Changing the Incentives (from Inside higher Ed)

My school is hiring this year, and we were just lamenting the fact that the salary we'll be offering is a bit below market levels. So, the discussion ended up focusing on what else we could offer - reduced teaching load for the first year or two, fewer preps (for non-academics, a "prep" is a course you must prepare for. So, if you teach two sections of the same class, it would be only one prep), and so on. The chair's initial response was, "We can't do that" (that's her response to most things, but that's a story for another time).

Inside Higher Ed has an article that's directly relevant to this point. It sounds like Duke has realized that different people want different things (news flash, there). They're examining a proposal geared towards faculty that take on administrative duties (like department chair, or other administrative duties), but the principle could easily be expanded to many other issues. In case you're not aware, taking on administrative duties often comes with a reduced teaching load. But, here's what Duke is considering instead:
A faculty committee proposed a system recently adopted by the dean of the College of Arts and Sciences, which has 600 faculty members, to create a menu of rewards. A reduced teaching load would still be an option. But a professor might also choose extra money for a laboratory, a travel fund to visit a far-off archive without having to spend time applying for a grant, or just extra cash.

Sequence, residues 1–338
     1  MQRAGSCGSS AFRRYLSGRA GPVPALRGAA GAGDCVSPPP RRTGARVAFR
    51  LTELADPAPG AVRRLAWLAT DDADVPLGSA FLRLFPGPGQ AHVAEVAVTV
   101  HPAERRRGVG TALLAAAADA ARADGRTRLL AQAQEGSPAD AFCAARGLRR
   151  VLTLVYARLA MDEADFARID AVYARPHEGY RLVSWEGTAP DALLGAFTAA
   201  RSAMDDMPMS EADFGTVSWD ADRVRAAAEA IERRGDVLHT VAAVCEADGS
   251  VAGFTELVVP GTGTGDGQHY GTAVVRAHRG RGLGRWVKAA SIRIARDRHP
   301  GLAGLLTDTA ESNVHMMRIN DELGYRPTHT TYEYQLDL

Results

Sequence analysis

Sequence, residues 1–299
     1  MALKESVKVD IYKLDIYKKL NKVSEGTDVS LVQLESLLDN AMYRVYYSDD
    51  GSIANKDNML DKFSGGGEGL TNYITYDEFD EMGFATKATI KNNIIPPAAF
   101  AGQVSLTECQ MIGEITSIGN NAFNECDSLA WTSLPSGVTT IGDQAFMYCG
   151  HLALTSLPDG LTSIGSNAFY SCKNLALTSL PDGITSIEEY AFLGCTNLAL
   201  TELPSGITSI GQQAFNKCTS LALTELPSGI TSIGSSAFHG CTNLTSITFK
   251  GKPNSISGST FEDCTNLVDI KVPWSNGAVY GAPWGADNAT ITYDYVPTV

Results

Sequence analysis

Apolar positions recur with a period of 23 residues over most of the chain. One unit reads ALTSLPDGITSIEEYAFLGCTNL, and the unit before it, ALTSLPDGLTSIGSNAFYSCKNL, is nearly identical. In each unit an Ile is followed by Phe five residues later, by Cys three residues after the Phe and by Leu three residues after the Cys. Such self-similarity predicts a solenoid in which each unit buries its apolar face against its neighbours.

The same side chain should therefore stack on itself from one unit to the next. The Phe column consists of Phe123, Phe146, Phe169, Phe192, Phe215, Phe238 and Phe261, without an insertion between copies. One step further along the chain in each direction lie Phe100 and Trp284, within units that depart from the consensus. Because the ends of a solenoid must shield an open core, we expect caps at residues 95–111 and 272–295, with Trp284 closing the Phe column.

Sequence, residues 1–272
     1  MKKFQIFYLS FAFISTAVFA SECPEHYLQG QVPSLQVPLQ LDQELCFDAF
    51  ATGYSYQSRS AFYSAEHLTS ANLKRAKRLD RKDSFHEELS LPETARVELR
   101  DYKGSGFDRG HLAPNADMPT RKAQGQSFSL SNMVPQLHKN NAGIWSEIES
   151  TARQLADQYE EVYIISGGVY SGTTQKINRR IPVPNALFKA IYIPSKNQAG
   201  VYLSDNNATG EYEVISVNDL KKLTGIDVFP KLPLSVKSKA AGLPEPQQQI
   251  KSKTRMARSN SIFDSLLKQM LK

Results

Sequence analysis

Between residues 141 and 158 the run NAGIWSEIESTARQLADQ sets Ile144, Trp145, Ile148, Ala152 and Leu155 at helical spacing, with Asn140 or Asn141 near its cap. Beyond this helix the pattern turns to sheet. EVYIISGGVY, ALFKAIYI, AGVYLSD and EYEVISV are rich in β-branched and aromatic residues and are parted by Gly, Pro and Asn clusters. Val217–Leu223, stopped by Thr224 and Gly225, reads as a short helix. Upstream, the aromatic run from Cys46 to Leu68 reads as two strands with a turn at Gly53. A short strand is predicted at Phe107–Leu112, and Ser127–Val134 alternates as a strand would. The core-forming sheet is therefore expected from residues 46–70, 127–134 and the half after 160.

Read the whole thing here.

IMO, the system could be expanded to things other than taking on administrative duties. In the Duke case, they noted that some administrated faculties wanted to keep teaching, so the reduction in teaching load wasn't that valuable to them. For them, extra cash might be preferable. For others, a better travel budget might be the appropriate carrot. The point is that people have different preferences, and a "one size fits all" solution invariably doesn't fit too many people that well.

Jeff Cornwall recently wrote a piece on staffing difficulties faced by smaller companies. His key point was that flexibility was key - take the time to find out what people really want, and you may find that it's often not all about the money.

Unfortunately, being flexible and entrepreneurial is an approach that dosen't come easily to most academics (and even less often to academic administrators).